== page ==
Our ideology in the North
Is there such a thing as social neoconservatism?
The General Election in December produced something unthinkable for the last generation: a sizeable Conservative majority based on gains across the Midlands, Wales and North of England. This has led, in turn, to a burst of interest in what distinguishes the voters of this new Conservative coalition. After three years in which the struggle over Brexit felt steadily more like a culture war than a technical dispute about international relations, various voices on Right and Left have settled on ‘social conservatism’ as the thing uniting voters who rejected both Remain and Corbyn.
But there is less agreement about what this ‘social conservatism’ means. The voters of Blyth and Bolton may not be overwhelmingly ‘woke’, but neither are they unusually fond of women staying at home, children being born in wedlock, or any of the other 1950s stereotypes often connected to social conservatism.
Some have suggested ‘cultural conservatism’ would better describe what divides these voters from the Social Left: a reflexive patriotism, and lack of interest in the advancing boundaries of social progressivism. Small activist groups in both main parties, and elsewhere online, have further labels for this politics, whether Post-Liberalism, Red Toryism or Blue Labour. But each describes broadly similar ground: a discontent with the prevailing presumption of economic and social individualism that drives our politics.
Whatever this means exactly, one thing that’s very clear is the Progressive Left, whether Corbynite or Centrist Liberal, do not like it. For example, shortly after the election, the small Blue Labour group posted an innocuous welcome to some hundreds of new twitter followers, presumably those seeking different ideas after Labour’s crushing defeat. What followed was a tsunami of screeching vitriol from progressive accounts large and small that left ‘Blue Labour’ trending nationwide.
Amid thousands of angry tweets one could pick out accusations of not only racism, misogyny, and homophobia, but also, impressively, domestic violence, theocracy, transphobia, and fascism. Needless to say, not a single response quoted even a sniff of evidence for any of this veritable encyclopaedia of crimes against Progressivism.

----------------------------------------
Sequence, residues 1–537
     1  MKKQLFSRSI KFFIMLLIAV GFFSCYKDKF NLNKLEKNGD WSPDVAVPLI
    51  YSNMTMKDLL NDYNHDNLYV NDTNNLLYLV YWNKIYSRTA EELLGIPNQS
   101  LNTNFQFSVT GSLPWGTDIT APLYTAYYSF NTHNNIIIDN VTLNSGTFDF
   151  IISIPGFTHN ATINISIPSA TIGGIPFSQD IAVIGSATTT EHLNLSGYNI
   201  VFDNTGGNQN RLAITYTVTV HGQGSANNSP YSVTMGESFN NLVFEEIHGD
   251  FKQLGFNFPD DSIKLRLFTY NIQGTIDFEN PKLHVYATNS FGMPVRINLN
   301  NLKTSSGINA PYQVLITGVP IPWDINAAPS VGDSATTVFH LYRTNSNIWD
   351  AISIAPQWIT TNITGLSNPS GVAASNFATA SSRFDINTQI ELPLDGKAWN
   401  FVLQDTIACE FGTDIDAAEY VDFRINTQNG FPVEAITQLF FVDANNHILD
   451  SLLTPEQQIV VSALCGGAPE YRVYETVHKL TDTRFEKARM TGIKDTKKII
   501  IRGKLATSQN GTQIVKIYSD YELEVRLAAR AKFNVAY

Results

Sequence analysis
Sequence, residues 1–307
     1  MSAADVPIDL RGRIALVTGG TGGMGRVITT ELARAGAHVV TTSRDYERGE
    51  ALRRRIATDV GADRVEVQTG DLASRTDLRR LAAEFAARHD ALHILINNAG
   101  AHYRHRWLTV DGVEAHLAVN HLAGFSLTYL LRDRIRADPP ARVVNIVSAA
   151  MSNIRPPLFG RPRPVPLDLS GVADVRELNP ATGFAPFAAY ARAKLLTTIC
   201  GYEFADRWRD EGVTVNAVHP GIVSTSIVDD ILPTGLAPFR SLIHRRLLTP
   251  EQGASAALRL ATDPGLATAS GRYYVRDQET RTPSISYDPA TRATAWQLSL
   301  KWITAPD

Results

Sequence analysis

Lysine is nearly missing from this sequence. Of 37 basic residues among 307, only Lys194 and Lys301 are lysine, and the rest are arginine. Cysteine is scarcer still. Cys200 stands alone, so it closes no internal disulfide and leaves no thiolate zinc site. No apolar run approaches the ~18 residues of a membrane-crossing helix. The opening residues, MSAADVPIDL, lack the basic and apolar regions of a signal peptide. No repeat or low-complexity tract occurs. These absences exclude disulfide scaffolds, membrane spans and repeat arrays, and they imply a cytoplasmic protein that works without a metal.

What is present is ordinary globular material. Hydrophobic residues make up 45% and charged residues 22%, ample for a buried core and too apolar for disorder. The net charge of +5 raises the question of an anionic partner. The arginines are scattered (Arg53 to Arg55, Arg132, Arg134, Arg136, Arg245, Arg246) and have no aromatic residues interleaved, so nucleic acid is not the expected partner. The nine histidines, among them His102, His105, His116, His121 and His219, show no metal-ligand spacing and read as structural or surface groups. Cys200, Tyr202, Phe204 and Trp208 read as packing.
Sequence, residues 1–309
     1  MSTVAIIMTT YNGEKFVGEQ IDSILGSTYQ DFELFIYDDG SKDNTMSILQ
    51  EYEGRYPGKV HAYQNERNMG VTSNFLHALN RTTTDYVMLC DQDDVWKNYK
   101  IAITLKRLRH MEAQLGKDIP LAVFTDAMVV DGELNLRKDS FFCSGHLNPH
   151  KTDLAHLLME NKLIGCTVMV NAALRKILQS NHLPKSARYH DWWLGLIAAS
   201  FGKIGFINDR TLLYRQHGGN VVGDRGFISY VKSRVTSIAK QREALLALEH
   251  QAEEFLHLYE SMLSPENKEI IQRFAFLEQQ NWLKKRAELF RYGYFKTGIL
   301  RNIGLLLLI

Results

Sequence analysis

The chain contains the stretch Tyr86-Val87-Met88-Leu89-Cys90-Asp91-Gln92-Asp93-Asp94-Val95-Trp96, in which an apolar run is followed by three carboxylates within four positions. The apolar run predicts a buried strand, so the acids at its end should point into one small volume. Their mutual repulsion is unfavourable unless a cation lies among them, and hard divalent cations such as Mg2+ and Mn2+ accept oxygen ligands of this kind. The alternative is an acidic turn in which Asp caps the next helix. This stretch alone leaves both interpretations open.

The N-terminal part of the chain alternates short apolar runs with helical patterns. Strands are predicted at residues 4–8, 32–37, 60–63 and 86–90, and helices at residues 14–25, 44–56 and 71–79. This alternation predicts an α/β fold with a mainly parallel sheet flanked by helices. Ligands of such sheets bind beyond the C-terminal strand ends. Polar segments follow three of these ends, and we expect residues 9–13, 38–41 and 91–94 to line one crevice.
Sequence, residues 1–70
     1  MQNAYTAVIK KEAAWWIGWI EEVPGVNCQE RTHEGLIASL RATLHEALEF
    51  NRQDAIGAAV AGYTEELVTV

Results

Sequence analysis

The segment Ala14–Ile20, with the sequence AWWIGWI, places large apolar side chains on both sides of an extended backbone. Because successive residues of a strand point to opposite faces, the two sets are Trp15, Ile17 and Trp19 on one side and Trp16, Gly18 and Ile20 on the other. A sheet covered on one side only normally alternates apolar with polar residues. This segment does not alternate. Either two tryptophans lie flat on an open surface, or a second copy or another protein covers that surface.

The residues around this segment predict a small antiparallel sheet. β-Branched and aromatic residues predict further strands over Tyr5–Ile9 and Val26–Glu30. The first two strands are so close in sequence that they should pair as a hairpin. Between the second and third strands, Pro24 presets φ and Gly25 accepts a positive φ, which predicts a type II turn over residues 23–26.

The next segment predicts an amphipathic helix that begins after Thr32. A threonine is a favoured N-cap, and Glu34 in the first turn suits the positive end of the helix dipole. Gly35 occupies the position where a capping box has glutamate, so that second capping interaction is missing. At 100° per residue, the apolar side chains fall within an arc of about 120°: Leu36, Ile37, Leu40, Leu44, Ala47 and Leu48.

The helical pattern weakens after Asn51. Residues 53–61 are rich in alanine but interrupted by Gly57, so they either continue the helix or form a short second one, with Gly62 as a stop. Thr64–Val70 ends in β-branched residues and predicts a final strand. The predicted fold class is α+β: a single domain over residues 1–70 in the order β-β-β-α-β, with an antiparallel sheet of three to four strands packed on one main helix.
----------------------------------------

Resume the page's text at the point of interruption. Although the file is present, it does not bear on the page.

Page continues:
Neither was this an isolated incident. Everyone expects the Progressive Inquisition, in response to any public deviation from the latest Woke line. On the other hand, the sheer hysteria suggests, post-Brexit, progressives are not as confident as they pretend. A man with the evidence on his side can afford to lay it out in a calm manner, a person throwing every accusation imaginable may be protesting a bit too much.
What the angry protestations share is the assumption that any reference to social or cultural conservatism can only be a cover for the worst features of the 1950s-70s: open racism, illegal abortion, institutional homophobia, sexual harassment tolerated, single mothers stigmatised, etc, etc.
Modern social conservatism does not mean picking some idealised date in the past and shifting society wholesale back
But is this a necessary or even reasonable connection in 2020? Fifty years ago social conservatives may have defended any or all of these things. But basic political distinctions – right and left, conservative and liberal – are relative, not set in stone forever. What counts as economically Right or Left has changed over the decades, and what policies count as socially progressive today certainly aren’t the same as in 1970, so why not social conservatism?
But if social neo-conservatism doesn’t mean the worst cheese-induced nightmares of progressives then what does it mean? Firstly, it can be defined negatively, as disagreement with at least some of the most recent doctrines of social woke-ness, whose advancing nature means someone happily identified as a social liberal in past years can find themselves suddenly left behind by ‘progress’ today.